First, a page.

I started watching Warehouse 13 on Netflix this weekend and I must say I am impressed. The special effects are not the best I've seen... nor are the actors and acting. With regular levels of suspension of disbelief, however, the show is fun, interesting, and most of all has a conspiracy theorist vibe that is quirky and avoids taking itself too seriously (see the strange neutralizing "goo", that, when asked "what's it do?", it is responded "I don't know", heh).
If you've watched any of the too-many-to-count original SyFy movies you will see that they are so cheesy they are hard to watch without crackers (please point me to the exceptions and I will happily ammend this post to include them). Usually there is some monster crocodile, dinosaur, or swamp monster that is killing people, usually beautiful, which humans have brought upon themselves through meddling with the environment, science, or other. The stories are not intoxicating but I will admit they are fun to watch while intoxicated.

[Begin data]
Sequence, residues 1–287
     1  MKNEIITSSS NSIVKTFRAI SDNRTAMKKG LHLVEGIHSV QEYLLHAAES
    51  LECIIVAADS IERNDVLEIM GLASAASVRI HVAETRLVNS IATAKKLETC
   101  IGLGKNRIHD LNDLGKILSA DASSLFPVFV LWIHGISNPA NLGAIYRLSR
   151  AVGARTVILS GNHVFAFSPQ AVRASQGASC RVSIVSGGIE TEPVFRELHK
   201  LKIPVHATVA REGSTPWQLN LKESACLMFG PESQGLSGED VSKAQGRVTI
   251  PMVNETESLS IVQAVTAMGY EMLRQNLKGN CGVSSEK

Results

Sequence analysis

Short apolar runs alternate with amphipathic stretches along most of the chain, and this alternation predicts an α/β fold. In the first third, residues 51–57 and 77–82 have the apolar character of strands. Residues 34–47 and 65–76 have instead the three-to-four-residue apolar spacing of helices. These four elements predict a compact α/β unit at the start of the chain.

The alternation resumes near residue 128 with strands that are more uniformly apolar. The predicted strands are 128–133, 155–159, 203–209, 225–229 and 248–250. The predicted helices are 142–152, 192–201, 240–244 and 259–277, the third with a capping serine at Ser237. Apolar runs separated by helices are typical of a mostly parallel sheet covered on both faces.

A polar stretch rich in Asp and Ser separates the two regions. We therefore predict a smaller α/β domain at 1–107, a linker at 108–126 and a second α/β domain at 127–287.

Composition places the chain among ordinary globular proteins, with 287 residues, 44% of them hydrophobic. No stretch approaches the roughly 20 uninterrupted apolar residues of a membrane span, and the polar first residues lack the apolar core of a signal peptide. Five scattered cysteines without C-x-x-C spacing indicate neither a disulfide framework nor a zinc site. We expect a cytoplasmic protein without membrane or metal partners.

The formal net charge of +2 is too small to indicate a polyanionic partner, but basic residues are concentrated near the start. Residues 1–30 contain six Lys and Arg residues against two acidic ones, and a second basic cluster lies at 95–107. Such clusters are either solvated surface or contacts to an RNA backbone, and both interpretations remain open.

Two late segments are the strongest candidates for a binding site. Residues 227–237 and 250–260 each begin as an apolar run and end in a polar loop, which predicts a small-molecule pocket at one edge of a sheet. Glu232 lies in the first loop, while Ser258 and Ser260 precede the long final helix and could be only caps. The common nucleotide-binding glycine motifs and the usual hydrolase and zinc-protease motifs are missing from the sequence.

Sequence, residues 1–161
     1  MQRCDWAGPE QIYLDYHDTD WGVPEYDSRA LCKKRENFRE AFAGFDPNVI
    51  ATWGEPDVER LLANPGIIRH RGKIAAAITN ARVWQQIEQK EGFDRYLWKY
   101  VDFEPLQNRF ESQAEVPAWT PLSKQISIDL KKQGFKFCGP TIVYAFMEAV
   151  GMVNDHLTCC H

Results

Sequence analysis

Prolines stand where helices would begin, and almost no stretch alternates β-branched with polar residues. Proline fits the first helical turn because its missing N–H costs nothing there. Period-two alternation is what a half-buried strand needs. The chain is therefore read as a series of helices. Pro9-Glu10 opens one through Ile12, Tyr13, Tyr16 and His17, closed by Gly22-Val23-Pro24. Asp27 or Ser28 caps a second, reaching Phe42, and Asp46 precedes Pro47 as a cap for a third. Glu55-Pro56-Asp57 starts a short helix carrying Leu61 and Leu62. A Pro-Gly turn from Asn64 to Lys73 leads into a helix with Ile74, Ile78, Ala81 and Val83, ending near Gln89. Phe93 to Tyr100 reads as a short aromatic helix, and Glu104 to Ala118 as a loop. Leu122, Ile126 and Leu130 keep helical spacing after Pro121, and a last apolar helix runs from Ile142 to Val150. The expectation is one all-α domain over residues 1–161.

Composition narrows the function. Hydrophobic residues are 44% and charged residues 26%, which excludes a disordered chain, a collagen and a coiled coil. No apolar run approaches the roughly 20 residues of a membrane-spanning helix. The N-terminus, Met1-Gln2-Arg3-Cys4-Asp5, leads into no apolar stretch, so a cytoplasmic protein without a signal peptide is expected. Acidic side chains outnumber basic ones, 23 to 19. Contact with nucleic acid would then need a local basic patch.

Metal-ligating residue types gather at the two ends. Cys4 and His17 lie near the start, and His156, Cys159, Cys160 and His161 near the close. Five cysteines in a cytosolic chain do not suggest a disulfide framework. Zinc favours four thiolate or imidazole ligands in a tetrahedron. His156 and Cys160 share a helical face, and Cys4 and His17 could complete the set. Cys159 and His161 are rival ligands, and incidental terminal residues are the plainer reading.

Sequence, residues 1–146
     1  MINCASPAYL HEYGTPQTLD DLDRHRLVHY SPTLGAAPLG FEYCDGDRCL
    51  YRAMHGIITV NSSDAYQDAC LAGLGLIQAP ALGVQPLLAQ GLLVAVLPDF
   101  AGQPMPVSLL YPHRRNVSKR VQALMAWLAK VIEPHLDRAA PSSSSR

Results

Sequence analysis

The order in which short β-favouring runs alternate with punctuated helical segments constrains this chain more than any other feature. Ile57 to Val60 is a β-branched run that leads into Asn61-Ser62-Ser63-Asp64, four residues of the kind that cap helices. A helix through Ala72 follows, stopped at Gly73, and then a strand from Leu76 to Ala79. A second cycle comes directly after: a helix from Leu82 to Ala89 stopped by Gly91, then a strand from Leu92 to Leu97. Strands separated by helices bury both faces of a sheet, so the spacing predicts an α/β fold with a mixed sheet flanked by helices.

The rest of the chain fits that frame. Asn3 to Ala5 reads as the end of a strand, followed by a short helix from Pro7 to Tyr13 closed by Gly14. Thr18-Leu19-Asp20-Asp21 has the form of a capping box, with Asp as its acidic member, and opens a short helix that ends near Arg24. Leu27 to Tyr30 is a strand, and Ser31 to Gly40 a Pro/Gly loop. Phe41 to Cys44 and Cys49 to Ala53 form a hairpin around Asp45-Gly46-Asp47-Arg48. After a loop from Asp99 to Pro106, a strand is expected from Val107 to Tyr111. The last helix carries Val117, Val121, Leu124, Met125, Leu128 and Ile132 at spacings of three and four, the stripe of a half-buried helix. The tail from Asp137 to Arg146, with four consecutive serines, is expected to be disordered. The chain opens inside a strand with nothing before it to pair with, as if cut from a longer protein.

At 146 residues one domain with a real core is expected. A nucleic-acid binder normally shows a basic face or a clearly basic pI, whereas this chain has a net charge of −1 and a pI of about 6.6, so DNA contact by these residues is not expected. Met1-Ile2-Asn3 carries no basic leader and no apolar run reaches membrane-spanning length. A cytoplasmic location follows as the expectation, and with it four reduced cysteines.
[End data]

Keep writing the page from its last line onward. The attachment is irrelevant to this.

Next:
Through much trial and error, SyFy has discovered a few actors that are easy on the eyes and sufficiently believable. SyFy has then spread these actors across multiple series, thereby scaling their value within the SyFy franchise. For people that love a genre that is large-but-still-niche, greatness is not really expected (Firefly was an indulgent luxury, not a need, for SciFi lovers). But it can't be a joke - i.e. laughter from wives or husbands that are not so in love with the genre still stings - Science Fiction junkies have absorbed enough ridicule to know how to avoid it.
The SyFy channel is now benefiting from the effect of "Good Enough Computing" - that is that regular amounts of computing resources make special effects that are "good enough" to be believed (under regular levels of suspension of disbelief :). Netflix seems perfectly willing to pay to stream shows from SyFy, and if these shows are good enough to watch, then Netflix gets ever closer to having enough content that is good enough to disconnect cable (thereby creating a high value proposition through consumer savings).
It used to be that SyFy's low level of resources were only enough to create lame movies, but through acquisition of actors and the improvement of technology they are leaving the lameness behind.